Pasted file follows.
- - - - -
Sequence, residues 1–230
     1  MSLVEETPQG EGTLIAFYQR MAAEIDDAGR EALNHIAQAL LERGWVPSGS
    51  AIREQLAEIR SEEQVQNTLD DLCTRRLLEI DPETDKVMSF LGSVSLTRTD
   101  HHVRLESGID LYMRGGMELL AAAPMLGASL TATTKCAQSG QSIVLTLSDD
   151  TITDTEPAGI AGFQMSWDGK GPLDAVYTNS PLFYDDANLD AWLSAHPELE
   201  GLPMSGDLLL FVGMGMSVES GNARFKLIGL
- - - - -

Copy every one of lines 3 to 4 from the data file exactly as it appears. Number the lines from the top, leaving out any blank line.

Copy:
    51  AIREQLAEIR SEEQVQNTLD DLCTRRLLEI DPETDKVMSF LGSVSLTRTD
   101  HHVRLESGID LYMRGGMELL AAAPMLGASL TATTKCAQSG QSIVLTLSDD